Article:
from the phew dept
For years now we’ve been following cases related to scraping data off of websites and the Computer Fraud and Abuse Act (CFAA). The CFAA is an extremely poorly drafted law, that has been stretched by both law enforcement and civil plaintiffs alike to argue that all sorts of things are “unauthorized access” and therefore hacking. We’ve covered many of these cases over the years. The courts have at least started to push back on some of the more extreme interpretations of the law, though it’s still problematic.
Over a decade ago, we followed a case that I still think is one of the most problematic rulings for the internet: when Facebook sued a small startup called Power.com. Power made a social media aggregator, allowing you to access all your different social media accounts through one interface and even to post messages across multiple platforms through that single interface. In order to do that, you had to provide your login to Power, which would access your social media accounts, suck out the data (or push in the data for posting). Again, this was the user willingly granting their login information. Leaving aside whether or not it’s wise to share your login info with a third party, it was still the user’s choice.
However, Facebook decided that this was hacking and in violation of the CFAA… and the courts (tragically) agreed, allowing Facebook to effectively shut down a useful service that would have prevented Facebook from locking up so much data (and becoming such a dominant player). The key reason the court sided with Facebook was it claimed that once Facebook sent a cease-and-desist letter, that effectively mean that any further scraping was “unauthorized.” I still think that we’d see an extremely different competitive landscape today if the Power case had turned out differently. It would have significantly limited the ability of the big social media players to lock in their users. Instead, the rule more or less turned Facebook into a roach motel where your data checks in, but it can never check out.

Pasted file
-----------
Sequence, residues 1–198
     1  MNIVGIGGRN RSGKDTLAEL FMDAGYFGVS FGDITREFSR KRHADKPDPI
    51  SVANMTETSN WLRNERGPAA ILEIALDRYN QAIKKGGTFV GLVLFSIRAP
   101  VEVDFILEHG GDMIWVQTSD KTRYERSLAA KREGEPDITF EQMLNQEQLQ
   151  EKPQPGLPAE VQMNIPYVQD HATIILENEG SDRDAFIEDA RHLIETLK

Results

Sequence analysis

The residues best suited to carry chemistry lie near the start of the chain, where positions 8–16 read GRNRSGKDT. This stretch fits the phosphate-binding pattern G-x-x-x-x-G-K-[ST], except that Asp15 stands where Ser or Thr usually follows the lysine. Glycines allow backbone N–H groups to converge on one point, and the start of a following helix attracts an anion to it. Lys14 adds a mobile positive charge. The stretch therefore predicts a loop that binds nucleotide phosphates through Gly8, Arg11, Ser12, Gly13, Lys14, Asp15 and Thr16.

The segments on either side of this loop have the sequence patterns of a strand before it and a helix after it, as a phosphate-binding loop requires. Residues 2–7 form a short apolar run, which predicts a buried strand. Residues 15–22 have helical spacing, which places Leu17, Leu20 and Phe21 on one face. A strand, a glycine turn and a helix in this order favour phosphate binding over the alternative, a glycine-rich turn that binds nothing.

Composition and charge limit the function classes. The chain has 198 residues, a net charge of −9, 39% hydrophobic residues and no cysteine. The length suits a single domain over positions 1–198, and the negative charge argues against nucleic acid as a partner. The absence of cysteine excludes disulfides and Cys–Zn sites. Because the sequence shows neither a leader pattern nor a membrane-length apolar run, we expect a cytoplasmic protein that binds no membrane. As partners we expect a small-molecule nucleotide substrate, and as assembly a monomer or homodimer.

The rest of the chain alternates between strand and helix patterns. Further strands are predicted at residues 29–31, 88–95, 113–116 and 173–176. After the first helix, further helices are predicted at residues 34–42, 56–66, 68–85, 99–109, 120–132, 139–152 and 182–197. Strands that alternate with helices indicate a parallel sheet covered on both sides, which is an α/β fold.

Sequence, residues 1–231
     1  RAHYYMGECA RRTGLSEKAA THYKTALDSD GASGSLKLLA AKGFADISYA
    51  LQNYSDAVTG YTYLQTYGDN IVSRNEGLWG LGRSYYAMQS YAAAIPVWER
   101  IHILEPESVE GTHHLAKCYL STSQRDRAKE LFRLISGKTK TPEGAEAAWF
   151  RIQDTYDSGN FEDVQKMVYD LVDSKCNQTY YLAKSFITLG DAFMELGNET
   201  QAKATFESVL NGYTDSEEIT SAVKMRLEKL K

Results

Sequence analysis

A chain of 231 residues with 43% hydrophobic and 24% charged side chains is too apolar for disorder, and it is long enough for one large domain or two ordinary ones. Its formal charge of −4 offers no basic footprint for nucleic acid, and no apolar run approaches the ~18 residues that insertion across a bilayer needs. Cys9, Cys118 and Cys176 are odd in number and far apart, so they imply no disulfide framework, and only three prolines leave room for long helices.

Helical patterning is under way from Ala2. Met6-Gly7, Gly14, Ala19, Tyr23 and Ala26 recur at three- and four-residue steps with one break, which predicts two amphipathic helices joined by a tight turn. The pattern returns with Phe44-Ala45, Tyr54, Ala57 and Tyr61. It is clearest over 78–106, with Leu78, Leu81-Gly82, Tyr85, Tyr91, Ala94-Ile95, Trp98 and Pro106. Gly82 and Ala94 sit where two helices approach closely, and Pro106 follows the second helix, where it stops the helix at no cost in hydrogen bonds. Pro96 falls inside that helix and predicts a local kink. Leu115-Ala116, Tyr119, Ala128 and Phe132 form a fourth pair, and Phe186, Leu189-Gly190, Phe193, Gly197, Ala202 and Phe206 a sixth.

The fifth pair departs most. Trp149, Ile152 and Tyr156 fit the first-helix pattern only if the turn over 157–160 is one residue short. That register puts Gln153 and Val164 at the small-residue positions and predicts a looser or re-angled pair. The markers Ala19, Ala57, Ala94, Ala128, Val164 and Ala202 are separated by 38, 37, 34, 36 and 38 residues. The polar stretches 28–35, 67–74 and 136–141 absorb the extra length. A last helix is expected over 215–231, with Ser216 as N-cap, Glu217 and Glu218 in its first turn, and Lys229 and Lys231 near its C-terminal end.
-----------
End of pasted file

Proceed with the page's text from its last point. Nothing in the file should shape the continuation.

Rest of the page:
Other internet companies unfortunately followed suit, using similar lawsuits against websites providing useful complementary services. Craigslist went after 3taps, which made Craigslist data available to third party apps. LinkedIn went after a company called HiQ that was scraping and making use of LinkedIn data. Here, unlike the Power case, the courts actually ruled against LinkedIn saying that LinkedIn could not use the CFAA to block scraping of public data. The key difference between this case and the Power one was that HiQ was scraping public info (i.e., it didn’t need to log in to LinkedIn with someone’s info to access the data). LinkedIn appealed… and lost again. LinkedIn then asked the Supreme Court to weigh in, resulting in the Supreme Court vacating the 9th Circuit’s ruling and sending it back to the court to reconsider in light of last summer’s big Van Buren ruling that limited parts of the CFAA.
So now, with yet another chance… the 9th Circuit has correctly concluded the same thing. HiQ’s scraping of public information still does not violate the CFAA. There are a few different legal issues involved here, but the CFAA claims are the main event. LinkedIn argued that it sent a cease-and-desist to HiQ, so as per the Power ruling, its continued scraping violated the law.
The panel reviewing this case goes deep into the CFAA, why it exists, and what it’s supposed to do before concluding that LinkedIn’s interpretation can’t be the correct one, noting that “the CFAA is best understood as an anti-intrusion statute and not as a ‘misappropriation statute,'” and as such accessing public information shouldn’t be a violation.